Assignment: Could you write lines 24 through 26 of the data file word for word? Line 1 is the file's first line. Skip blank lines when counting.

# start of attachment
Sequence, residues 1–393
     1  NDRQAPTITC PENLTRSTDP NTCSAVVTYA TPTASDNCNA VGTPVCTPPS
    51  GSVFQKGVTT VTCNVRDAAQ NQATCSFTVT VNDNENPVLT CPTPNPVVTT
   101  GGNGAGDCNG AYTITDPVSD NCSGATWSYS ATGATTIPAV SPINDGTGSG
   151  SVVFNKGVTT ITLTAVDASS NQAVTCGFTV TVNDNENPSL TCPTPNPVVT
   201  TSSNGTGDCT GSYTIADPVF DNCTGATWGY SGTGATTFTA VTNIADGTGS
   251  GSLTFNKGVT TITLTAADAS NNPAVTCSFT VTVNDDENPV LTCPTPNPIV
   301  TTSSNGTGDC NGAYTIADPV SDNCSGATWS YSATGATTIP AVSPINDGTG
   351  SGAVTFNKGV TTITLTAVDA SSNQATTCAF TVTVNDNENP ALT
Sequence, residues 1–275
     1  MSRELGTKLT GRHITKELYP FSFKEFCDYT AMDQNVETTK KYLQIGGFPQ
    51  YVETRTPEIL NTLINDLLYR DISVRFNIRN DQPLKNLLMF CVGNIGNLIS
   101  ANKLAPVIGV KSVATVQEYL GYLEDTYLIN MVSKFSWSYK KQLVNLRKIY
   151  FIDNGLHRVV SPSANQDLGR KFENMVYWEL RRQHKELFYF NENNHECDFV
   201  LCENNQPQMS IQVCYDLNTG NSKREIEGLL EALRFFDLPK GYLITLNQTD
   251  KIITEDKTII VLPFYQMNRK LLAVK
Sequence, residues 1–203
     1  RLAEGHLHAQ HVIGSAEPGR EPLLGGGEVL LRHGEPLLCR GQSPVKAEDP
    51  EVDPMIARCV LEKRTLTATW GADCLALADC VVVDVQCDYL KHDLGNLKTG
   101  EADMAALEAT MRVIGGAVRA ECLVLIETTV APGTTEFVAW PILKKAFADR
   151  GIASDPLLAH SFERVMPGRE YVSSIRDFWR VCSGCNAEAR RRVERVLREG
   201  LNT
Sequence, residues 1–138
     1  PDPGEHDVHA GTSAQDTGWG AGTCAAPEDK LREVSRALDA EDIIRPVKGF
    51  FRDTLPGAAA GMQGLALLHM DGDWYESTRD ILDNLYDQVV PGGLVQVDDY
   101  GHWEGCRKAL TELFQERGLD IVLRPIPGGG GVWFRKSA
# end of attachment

     1  PDPGEHDVHA GTSAQDTGWG AGTCAAPEDK LREVSRALDA EDIIRPVKGF
    51  FRDTLPGAAA GMQGLALLHM DGDWYESTRD ILDNLYDQVV PGGLVQVDDY
   101  GHWEGCRKAL TELFQERGLD IVLRPIPGGG GVWFRKSA